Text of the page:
Are businesses in Northern Ireland missing out on UK lending bounce?

First the good news – the UK enjoyed a much-needed lending bounce last year, with the outstanding amount of bank lending advanced to companies across the country increasing to £356billion in 2015/16, from £348bn the year before according to Bank of England data.  This feels like a cause for celebration, particularly for SMEs who have found access to bank loans and overdrafts increasingly hard to come by since the financial crisis.

Well – not necessarily. For businesses based in Northern Ireland the statistics are rather less positive.  In fact the value of all outstanding loans advanced to SMEs in Northern Ireland (including bank debt) fell slightly to £5.75bn in 2015/16, from £5.95bn the previous year (based on an analysis of balance sheets).  If Northern Irish businesses are being starved of funding it could put the region at a significant disadvantage and hamper investment and growth prospects.

So why is it happening?  Of course it’s difficult to know for certain, however it is possible to hypothesise …

Firstly, Northern Irish companies have probably been hit particularly hard by the big UK banks’ continued post-credit crunch caution amid tighter rules on capital requirements. Fairly or not, the region is still considered higher risk than some other parts of the country.

In addition, the introduction of “Basel III” banking reforms also favour lending to the very largest businesses – seen as the safest debtors under the rules. This of course affects SMEs across the UK as a whole, but for those in Northern Ireland it’s a double whammy.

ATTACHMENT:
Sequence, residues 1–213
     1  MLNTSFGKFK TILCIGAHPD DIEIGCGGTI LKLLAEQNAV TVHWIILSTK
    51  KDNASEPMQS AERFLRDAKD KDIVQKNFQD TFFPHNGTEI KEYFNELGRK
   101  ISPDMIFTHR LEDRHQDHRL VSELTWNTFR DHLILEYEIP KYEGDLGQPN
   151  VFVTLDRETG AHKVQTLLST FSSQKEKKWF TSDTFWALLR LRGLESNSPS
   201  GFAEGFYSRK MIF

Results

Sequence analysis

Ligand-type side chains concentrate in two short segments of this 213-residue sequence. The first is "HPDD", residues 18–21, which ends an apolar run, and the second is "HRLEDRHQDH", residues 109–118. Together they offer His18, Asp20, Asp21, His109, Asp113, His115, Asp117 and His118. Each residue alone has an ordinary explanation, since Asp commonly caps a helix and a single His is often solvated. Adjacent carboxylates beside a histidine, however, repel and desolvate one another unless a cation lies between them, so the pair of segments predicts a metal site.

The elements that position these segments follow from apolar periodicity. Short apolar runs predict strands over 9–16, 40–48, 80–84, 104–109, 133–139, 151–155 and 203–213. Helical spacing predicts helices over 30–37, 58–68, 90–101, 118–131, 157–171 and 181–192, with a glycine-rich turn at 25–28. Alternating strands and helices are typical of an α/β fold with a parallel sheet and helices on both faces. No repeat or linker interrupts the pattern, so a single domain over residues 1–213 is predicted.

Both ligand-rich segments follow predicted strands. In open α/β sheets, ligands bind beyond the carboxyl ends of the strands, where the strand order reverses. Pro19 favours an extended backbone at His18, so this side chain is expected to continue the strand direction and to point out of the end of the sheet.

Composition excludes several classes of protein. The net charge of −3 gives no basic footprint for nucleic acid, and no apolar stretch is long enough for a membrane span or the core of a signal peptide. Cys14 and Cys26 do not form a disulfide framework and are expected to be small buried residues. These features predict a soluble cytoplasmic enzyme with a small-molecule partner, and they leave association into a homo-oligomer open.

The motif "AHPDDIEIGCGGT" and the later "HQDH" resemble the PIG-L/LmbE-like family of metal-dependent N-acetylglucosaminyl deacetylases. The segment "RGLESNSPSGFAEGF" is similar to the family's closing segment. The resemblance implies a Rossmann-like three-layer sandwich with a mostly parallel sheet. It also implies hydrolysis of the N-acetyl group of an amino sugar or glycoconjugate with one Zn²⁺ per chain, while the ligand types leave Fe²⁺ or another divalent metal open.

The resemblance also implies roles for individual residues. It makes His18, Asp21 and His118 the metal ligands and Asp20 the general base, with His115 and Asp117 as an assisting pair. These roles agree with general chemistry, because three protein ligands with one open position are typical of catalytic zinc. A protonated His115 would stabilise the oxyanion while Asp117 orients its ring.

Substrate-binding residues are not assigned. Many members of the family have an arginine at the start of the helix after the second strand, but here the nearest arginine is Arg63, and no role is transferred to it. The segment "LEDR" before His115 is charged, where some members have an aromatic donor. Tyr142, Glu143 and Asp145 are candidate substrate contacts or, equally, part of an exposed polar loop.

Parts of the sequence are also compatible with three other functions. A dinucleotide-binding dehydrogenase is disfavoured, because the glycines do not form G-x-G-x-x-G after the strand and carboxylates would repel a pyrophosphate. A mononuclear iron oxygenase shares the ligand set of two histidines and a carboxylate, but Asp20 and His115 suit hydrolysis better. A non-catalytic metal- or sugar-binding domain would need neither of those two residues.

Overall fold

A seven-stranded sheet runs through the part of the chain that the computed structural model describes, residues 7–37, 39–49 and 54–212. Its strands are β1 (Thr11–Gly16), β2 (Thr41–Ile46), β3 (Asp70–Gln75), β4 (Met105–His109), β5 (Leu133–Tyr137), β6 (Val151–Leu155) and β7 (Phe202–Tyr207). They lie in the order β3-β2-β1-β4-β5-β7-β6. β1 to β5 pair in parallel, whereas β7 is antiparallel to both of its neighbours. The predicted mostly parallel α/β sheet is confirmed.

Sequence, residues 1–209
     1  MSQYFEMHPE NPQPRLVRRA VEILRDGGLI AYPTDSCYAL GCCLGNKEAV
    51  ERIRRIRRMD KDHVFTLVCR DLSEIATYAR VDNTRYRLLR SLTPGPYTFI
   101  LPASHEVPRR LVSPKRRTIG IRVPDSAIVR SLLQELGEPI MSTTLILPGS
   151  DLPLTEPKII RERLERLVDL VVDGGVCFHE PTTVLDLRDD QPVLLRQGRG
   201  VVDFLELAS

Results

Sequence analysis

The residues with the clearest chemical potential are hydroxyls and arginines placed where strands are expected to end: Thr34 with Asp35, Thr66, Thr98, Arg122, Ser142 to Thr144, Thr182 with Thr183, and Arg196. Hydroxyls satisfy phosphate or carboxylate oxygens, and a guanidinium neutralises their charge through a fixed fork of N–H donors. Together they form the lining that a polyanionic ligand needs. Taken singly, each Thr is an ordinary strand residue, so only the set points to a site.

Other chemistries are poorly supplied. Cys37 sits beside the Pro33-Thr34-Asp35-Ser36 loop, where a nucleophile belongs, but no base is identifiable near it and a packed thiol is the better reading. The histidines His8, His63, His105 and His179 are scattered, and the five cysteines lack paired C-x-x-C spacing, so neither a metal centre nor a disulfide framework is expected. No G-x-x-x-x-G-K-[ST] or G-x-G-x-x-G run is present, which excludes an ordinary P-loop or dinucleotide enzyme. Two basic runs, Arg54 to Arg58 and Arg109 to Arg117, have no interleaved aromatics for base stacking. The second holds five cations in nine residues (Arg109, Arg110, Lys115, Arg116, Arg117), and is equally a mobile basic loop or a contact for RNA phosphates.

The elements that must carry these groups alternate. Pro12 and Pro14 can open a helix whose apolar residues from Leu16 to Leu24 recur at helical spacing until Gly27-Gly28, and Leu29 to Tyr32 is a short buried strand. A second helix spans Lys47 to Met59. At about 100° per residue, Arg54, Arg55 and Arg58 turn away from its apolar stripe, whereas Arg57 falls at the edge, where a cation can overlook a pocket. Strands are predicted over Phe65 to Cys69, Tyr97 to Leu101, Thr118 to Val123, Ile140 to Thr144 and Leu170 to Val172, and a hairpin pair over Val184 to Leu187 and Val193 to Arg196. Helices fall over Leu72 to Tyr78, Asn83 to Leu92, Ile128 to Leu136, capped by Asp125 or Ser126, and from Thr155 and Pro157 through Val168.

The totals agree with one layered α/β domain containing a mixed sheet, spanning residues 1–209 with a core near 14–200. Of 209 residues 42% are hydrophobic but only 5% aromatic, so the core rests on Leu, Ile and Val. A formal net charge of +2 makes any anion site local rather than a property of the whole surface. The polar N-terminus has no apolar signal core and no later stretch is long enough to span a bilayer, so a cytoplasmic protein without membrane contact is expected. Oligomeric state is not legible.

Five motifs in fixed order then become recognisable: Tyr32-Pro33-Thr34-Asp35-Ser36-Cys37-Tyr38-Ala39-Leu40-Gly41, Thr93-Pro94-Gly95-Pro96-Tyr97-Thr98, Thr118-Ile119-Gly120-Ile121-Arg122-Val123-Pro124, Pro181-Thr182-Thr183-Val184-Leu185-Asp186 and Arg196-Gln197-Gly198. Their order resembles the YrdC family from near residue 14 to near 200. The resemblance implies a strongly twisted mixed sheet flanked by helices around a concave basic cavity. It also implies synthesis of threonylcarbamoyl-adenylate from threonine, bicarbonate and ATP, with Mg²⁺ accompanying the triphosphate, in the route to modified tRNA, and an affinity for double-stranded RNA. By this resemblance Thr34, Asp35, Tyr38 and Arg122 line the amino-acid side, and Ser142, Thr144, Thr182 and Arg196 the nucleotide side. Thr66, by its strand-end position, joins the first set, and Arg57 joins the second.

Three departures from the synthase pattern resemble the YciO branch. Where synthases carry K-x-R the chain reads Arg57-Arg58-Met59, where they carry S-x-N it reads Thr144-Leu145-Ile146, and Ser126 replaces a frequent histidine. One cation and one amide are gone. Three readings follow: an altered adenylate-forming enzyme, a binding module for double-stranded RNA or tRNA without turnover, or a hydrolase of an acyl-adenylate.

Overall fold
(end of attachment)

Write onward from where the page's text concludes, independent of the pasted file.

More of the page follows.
With so many major banks headquartered in London, and with challenger banks yet to establish a strong presence in the region, many businesses feel that they are being ignored.  We regularly travel over to Northern Ireland to meet our friends and contacts and this lack of new entrants into the market is something we’ve often discussed.

Unfortunately, the outlook remains challenging. Some commentators believe that banks’ risk aversion has worsened since the Brexit vote. What’s more, given the current political interregnum in the region as its government remains uncertain, banks’ appetite to lend seems unlikely to recover significantly in the near term.  And this feels a bit unfair on Northern Irish SMEs.  We have researched the region in detail and the reluctance of banks to lend to businesses in Northern Ireland fails to accurately reflect its true economic situation – with strong business activity and many substantial opportunities for entrepreneurship and enterprise growth in the region.

Having said this, there is some cause for optimism. At Ortus we have built a good presence in Northern Ireland over the past 3 years and we are now seeing other smaller operators join us.  These are quality firms with good funding lines and great staff and they are being rightly welcomed by the broker community in Northern Ireland.  There is no question that introducers still need to think outside the box to secure the financing they need – but niche finance is widely gaining traction as a suitable option for many. With lending from traditional sources set to remain constrained, Northern Irish companies find themselves leading the way in embracing innovative alternatives.

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